Saturday, October 27, 2012
Assassin's Apprentice, Robin Hobb
Born on the wrong side of the sheets, Fitz, son of Chivalry Farseer, is a royal bastard, cast out into the world, friendless and lonely. Only his magical link with animals - the old art known as the Wit - gives him solace and companionship. But the Wit, if used too often, is a perilous magic, and one abhorred by the nobility.
So when Fitz is finally adopted into the royal household, he must give up his old ways and embrace a new life of weaponry, scribing, courtly manners; and how to kill a man secretly, as he trains to become a royal assassin."
This was a strange read for me. I've been holding off on reading Assassin's Apprentice for, well, years, because it always sounded like such a simple 'Coming of Age' tale and I've read far more than my fair share of those in my time. The reviews for Farseer always seem to be Stellar though, and I enjoyed the first two books in the Liveship Traders series so I finally picked this one up and dug in. And initially, I thought it was fabulous. Fitz as a character is, in all honestly, pretty bloody dull, but the world Hobb creates for him is absolutely oozing with potential and for the first quarter of this I couldn't put it down.
As the plot progresses though, and the coolness of aspect like the Raiders, Chade and the Fool get slowly overtaken by the slowness of the storyline and the boredom of the Politics, I struggled. It's admittedly a stylish take on standard Fantasy Fare, but the more I read the more that stylish veneer was chipped away to reveal...well....just standard Fantasy Fare. It became a tedious, slow burn of a novel, which for me didn't explode into glorious fireworks at the end, it just fizzled out :(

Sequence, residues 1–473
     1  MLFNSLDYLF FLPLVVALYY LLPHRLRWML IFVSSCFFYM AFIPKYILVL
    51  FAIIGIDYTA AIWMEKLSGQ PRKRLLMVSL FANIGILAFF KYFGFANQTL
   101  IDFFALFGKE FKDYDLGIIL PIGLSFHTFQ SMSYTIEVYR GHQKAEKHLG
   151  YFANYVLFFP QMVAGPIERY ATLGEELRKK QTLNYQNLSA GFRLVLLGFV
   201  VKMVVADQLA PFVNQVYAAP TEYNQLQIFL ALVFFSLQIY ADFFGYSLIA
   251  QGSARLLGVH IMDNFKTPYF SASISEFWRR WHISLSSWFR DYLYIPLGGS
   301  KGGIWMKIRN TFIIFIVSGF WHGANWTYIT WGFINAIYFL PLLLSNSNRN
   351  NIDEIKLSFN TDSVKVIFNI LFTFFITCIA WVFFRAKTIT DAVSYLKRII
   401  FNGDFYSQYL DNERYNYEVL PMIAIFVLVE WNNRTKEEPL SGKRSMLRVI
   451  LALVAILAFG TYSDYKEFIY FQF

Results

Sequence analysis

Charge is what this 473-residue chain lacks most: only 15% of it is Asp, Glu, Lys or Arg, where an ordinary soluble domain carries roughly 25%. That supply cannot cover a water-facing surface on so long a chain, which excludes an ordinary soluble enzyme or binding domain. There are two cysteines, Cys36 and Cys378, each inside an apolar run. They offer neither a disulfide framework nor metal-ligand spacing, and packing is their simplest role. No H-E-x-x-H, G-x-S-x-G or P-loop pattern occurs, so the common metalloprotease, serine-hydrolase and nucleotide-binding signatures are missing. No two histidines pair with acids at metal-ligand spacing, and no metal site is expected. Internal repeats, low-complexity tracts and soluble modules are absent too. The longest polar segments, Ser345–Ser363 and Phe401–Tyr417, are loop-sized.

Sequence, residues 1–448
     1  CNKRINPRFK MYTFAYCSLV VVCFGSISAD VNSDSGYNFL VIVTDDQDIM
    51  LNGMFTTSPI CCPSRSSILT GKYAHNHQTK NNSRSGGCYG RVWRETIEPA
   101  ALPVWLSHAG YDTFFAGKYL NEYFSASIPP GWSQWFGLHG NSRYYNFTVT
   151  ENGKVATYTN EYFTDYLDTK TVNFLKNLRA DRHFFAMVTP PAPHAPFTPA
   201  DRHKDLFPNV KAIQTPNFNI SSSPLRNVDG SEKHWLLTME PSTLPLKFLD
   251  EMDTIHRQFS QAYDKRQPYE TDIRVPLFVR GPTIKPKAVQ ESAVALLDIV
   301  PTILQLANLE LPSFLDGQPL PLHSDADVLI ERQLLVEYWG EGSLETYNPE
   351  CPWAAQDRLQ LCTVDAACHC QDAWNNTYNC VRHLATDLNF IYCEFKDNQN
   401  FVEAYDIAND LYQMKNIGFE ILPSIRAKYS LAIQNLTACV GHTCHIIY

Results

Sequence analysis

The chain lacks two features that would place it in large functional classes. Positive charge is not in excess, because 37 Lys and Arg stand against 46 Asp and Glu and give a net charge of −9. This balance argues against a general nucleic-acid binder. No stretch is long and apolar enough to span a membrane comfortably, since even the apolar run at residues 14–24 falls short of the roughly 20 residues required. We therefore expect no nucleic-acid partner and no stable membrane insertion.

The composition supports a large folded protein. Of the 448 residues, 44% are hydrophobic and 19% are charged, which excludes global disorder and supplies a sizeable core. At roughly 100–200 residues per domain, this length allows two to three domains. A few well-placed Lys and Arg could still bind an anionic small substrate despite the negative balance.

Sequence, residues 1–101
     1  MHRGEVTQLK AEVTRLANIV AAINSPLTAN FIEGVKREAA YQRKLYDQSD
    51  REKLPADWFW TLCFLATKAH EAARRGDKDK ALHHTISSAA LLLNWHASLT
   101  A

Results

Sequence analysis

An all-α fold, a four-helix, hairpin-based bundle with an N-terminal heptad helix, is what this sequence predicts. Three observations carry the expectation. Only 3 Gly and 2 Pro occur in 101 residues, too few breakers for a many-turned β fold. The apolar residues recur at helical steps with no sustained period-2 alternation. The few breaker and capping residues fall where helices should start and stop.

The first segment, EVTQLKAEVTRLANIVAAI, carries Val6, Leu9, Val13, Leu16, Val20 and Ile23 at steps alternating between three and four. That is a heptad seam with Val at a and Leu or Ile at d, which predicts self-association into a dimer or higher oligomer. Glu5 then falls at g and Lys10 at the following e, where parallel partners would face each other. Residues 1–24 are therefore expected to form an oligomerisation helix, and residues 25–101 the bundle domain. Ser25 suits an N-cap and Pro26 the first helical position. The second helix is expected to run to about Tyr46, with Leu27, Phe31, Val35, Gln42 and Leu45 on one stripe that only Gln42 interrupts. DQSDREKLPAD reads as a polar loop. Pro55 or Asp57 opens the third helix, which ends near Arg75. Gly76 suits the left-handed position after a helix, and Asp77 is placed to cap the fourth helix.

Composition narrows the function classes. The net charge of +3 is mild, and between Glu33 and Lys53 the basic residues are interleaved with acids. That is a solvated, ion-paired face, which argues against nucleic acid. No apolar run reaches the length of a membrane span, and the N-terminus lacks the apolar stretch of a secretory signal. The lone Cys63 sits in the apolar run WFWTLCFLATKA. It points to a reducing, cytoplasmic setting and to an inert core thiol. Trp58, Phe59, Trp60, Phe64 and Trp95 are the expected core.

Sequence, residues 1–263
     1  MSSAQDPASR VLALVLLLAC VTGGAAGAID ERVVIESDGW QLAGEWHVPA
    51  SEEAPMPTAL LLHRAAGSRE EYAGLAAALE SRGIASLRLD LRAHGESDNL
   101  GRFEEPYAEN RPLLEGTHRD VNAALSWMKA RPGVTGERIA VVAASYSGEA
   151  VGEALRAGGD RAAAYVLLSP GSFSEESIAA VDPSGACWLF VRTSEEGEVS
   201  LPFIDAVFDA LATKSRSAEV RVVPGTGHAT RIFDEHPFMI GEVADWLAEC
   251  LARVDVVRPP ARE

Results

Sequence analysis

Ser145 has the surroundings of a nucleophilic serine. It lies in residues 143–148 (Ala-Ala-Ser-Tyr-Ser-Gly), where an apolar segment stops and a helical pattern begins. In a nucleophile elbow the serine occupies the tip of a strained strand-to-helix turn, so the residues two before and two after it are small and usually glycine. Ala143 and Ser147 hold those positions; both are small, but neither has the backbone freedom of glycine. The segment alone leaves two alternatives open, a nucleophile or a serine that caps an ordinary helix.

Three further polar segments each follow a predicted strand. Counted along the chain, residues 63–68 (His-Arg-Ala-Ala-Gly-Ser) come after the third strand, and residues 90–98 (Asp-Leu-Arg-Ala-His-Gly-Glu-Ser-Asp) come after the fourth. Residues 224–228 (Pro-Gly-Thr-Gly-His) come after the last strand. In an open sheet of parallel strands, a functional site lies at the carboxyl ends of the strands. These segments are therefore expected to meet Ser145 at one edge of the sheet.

I've admittedly been completely spoiled by the likes of George RR Martin and Steven Erikson when it comes to Political intrigue, most novels pale in comparison and this one is no different. It's undeniably well-written, with some beautiful descriptive sequences and the potential for some great action scenes, which just was never realised. I've heard it said that Assassin's Apprentice doesn't work well on its own, but that it sets up the series and should be taken as one of three. The problem I have though is that after dragging myself to the end of this one I really can't see me going any further with Farseer. I believe this is where we part ways.
Sad to say, not for me.